Tales, Issue 1
"Tales, " by Edgar Allan Poe, is a collection of 25 stories from the literary father of the mysterious and the macabre. These individual pieces, which include "The Fall of the House of Usher, " and "Silence: A Fable, " together make up the body of both "Tales of the Grotesque and Arabesque" and "Tales of the Folio Club." Taken as a whole, Poe's writing has cast its dark and exquisite shadow over many genres of literature, from the mysteries of Sir Arthur Conan Doyle to the science fiction of Jules Verne, but in this collection the author's ability to explore the darker corners of the readers' psyche comes to the fore. Such is the power of his storytelling that his tales retain their eerie power to delight and terrify in equal measure more than a century and a half after his death.
What people are saying - Write a review
We haven't found any reviews in the usual places.
Other editions - View all
appeared asked attempt attention believe boat body called cause character close committed continued corpse course dark death direction door doubt Dupin effect escaped evidence examined expression eyes fact feel feet fell felt followed give hair half hand head heard heart hold hour human idea imagine immediately individual Jupiter knew known L'Etoile least length less letter light look Madame manner Marie matter means merely mind minutes morning murder nature nearly never night object observed once opinion passed perhaps period person portion position possession possible Prefect present probability question reach reason regard replied result seemed seen speak sufficient suppose sure taken tell thing thought thousand thrown tion took trace true truth turned usual voice wall whole wild window
Page 71 - But evil things, in robes of sorrow, Assailed the monarch's high estate; (Ah, let us mourn! — for never morrow Shall dawn upon him, desolate!) And round about his home the glory That blushed and bloomed Is but a dim-remembered story Of the old time entombed.
Page 62 - During the whole of a dull, dark, and soundless day in the autumn of the year, when the clouds hung oppressively low in the heavens, I had been passing alone, on horseback, through a singularly dreary tract of country; and at length found myself, as the shades of the evening drew on, within view of the melancholy House of Usher.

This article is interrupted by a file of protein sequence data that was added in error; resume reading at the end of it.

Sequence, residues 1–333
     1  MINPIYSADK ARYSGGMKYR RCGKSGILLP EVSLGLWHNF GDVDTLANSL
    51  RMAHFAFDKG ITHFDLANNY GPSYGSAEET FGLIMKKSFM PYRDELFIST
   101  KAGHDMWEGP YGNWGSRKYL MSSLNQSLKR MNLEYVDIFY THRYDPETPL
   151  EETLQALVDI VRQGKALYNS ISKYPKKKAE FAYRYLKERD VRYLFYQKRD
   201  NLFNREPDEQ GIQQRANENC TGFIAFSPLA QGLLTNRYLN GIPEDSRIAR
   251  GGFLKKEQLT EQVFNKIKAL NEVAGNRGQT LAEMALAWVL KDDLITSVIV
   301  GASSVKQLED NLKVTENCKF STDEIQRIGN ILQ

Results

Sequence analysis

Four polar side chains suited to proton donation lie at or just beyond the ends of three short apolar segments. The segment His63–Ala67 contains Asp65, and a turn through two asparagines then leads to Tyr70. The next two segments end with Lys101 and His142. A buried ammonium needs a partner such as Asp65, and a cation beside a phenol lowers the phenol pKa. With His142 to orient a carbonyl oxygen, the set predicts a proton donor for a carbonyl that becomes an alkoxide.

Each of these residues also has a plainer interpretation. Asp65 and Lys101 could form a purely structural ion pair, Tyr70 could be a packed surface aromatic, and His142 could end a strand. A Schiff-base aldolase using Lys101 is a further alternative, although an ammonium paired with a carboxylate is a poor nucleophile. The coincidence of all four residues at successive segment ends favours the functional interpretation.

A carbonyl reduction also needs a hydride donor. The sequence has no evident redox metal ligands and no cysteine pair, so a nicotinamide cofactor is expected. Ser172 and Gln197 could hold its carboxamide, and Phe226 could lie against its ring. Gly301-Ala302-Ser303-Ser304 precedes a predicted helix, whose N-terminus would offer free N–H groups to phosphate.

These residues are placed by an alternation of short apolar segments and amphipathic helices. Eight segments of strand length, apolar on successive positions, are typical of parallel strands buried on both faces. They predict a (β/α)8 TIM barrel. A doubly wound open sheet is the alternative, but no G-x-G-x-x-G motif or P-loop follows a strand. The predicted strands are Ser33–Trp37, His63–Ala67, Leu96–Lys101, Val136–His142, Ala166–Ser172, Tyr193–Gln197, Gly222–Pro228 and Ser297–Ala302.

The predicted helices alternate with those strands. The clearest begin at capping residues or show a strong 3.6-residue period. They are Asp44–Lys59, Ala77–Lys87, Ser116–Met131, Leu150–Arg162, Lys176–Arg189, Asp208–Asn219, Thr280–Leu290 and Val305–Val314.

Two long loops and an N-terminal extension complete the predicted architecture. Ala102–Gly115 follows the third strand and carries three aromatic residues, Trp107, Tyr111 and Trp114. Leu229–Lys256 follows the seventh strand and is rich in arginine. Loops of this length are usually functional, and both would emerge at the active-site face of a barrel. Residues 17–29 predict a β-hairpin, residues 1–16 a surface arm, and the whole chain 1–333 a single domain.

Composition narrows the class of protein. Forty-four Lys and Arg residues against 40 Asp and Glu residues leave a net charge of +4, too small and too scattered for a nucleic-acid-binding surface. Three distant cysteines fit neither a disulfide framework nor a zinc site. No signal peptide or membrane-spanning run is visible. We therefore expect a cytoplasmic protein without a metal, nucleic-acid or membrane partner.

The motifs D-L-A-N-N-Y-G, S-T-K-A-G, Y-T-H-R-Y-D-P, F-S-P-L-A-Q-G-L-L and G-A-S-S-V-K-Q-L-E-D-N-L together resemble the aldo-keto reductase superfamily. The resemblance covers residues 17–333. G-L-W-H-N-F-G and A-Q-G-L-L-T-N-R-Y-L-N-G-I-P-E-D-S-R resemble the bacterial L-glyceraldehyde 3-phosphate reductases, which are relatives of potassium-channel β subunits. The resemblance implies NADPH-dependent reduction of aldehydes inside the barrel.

Page 73 - ... were, as might be supposed, in strict keeping with this character of phantasm. We pored together over such works as the Ververt et Chartreuse of Cresset; the Belphegor of Machiavelli; the Heaven and Hell...
Page 173 - Faubourg St. Germain. For one hour at least we had maintained a profound silence ; while each, to any casual observer, might have seemed intently and exclusively occupied with the curling eddies of smoke that oppressed the atmosphere of the chamber. For myself, however...
Page 175 - Certainly; we opened every package and parcel; we not only opened every book, but we turned over every leaf in each volume, not contenting ourselves with a mere shake, according to the fashion of some of our police officers.
Page 80 - While I gazed, this fissure rapidly widened ; there came a fierce breath of the whirlwind ; the entire orb of the satellite burst at once upon my sight ; my brain reeled as I saw the mighty walls rushing asunder; there was a long tumultuous shouting sound like the voice of a thousand waters, and the deep and dark tarn at my feet closed sullenly and silently over the fragments of the
Page 75 - ... to arouse myself from the pitiable condition into which I had fallen, by pacing rapidly to and fro through the apartment. I had taken but few turns in this manner, when a light step on an adjoining staircase arrested my attention. I presently recognized it as that of Usher.
Page 15 - To be sure ! you are left-handed ; and your left eye is on the same side as your left hand. Now, I suppose, you can find the left eye of the skull, or the place where the left eye has been. Have you found it V Here was a long pause.